HMS Northumberland (1798)

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Destruction of the French Frigates Arianne & Andromachee 22nd May 1812. Northumberland is the ship at the right of the picture.
Career (UK) Royal Navy Ensign
Name: HMS Northumberland
Ordered: 10 June 1795
Builder: Barnard, Deptford
Laid down: October 1795
Launched: 2 February 1798
Honours and

Participated in:

Fate: Broken up, 1850
Notes: Hulked, February 1827
General characteristics [1]
Class and type: America class ship of the line
Tons burthen: 1907 bm
Length: 182 ft (55 m) (gundeck)
Beam: 48 ft 7.5 in (14.821 m)
Depth of hold: 21 ft 7 in (6.58 m)
Propulsion: Sails
Sail plan: Full rigged ship

74 guns:

  • Gundeck: 28 × 32 pdrs
  • Upper gundeck: 30 × 18 pdrs
  • Quarterdeck: 12 × 9 pdrs
  • Forecastle: 4 × 9 pdrs

HMS Northumberland was a 74-gun third rate ship of the line of the Royal Navy, built at the yards of Barnard, Deptford and launched on 2 February 1798.[1]

Northumberland participated in the Battle of San Domingo, where she was damaged, and suffered 21 killed and 74 wounded, the highest casualties of any British ship in the battle.[citation needed]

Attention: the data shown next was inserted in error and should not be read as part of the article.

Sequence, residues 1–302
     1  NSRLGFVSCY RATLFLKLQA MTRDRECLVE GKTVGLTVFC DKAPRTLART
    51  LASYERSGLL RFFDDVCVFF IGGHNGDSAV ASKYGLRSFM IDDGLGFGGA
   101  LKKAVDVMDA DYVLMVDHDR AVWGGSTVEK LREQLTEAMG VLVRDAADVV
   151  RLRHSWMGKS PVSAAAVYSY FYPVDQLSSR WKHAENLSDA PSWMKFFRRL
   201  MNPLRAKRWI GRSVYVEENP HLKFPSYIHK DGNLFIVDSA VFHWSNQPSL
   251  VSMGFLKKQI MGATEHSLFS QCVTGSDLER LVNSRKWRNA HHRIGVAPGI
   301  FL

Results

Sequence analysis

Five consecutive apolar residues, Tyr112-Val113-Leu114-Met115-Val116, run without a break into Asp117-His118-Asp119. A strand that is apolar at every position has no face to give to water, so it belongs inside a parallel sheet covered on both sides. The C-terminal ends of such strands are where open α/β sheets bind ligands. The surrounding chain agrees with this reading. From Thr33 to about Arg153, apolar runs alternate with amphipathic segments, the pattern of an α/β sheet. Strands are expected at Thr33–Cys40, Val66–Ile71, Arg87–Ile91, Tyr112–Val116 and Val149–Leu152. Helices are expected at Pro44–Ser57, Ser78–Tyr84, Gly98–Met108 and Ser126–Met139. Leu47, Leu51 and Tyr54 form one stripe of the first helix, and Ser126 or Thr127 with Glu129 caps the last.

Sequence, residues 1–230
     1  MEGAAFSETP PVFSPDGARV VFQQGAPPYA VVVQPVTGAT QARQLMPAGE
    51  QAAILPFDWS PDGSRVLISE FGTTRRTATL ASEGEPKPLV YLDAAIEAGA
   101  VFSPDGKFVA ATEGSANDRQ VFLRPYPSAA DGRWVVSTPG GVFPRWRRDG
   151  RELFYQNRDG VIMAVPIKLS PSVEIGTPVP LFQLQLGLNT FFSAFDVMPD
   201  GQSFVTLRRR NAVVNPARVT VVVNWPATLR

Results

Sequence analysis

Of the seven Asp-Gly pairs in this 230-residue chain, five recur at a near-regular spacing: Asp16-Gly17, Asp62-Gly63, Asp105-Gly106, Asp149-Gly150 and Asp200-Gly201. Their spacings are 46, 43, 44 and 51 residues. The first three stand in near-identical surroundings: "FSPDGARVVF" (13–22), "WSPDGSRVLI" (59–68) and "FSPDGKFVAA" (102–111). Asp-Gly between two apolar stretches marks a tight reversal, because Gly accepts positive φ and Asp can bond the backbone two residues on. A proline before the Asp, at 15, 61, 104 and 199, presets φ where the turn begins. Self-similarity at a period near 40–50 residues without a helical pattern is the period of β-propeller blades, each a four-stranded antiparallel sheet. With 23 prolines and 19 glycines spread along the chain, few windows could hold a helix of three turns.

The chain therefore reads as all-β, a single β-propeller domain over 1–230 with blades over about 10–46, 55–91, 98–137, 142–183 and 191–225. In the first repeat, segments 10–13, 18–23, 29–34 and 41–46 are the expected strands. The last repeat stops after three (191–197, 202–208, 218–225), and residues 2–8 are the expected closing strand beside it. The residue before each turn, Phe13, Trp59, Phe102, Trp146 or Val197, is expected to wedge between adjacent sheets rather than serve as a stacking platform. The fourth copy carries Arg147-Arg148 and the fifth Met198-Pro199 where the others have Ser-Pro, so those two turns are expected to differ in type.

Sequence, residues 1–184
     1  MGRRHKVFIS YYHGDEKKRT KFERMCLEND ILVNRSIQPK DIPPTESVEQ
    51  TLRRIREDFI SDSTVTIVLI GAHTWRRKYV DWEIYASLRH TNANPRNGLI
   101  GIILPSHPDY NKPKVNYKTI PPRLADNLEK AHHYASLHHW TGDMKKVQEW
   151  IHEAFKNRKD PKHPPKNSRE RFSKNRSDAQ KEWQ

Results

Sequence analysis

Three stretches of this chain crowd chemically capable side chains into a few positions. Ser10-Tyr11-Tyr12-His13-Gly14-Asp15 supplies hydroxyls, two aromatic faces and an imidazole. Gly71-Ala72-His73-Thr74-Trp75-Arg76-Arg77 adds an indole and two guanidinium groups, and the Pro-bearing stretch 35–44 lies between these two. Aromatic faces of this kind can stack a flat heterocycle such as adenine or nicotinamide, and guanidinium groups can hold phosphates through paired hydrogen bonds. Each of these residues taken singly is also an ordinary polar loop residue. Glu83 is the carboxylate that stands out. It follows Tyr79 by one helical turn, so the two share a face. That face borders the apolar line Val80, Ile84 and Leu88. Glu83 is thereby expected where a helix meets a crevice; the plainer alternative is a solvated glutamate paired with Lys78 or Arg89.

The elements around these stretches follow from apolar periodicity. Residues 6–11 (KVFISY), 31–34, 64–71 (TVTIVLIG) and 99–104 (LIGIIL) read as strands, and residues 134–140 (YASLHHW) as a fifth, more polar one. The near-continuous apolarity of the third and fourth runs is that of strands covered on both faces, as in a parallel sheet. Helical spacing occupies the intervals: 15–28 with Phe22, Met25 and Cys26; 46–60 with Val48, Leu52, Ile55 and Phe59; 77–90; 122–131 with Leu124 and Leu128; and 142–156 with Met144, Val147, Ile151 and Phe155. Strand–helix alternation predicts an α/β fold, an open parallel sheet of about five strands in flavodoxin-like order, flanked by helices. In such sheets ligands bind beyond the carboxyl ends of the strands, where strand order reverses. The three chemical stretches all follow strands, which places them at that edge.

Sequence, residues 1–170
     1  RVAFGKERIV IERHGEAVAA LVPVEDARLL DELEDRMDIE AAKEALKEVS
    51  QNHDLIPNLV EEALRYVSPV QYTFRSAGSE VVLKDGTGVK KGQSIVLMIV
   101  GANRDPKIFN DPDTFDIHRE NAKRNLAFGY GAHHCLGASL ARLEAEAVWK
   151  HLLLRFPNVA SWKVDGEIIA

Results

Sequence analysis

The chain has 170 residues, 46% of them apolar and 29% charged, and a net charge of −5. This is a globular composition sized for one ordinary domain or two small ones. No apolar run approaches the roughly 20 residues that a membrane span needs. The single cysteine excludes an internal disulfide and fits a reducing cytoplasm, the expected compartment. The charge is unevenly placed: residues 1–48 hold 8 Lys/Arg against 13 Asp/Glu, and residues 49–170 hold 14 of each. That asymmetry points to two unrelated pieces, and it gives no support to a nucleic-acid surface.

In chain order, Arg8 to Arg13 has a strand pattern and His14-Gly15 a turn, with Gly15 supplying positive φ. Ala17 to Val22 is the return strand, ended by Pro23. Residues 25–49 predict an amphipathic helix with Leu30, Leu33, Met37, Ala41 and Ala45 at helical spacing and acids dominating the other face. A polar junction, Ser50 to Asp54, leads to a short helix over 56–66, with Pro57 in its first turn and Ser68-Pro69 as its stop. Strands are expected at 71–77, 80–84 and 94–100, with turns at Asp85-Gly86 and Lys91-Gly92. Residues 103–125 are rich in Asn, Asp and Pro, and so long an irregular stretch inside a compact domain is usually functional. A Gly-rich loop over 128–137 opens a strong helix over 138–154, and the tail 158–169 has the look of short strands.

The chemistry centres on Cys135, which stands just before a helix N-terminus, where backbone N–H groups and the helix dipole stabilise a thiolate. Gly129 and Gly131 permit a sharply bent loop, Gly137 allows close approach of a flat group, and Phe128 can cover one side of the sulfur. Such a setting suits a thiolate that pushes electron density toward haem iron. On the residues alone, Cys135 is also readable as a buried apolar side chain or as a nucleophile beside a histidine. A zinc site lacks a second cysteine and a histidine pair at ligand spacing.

On November 22, 1810, Northumberland, while in the company of HMS Armada, a 74-gun third rate, captured the the 14-gun French privateer ketch La Glaneuse.

She received a measure of fame when she transported Napoleon I into captivity on the Island of Saint Helena. Napoleon had surrendered to Captain Frederick Maitland of HMS Bellerophon, on 15 July 1815 and transported him to Plymouth.[2] Napoleon was transferred from the Bellerophon to the Northumberland for his final voyage to St. Helena because concerns were expressed about the suitability of the ageing ship. HMS Northumberland was therefore selected instead.[citation needed]

She was converted to a hulk in February 1827, and returned to Deptford to be broken up in 1850.[1]


  1. 1.0 1.1 1.2 Lavery, Ships of the Line vol.1, p185.
  2. Tracy, N, Who's Who in Nelson's Navy: 200 Heroes, Chatham, 2006, p. 237


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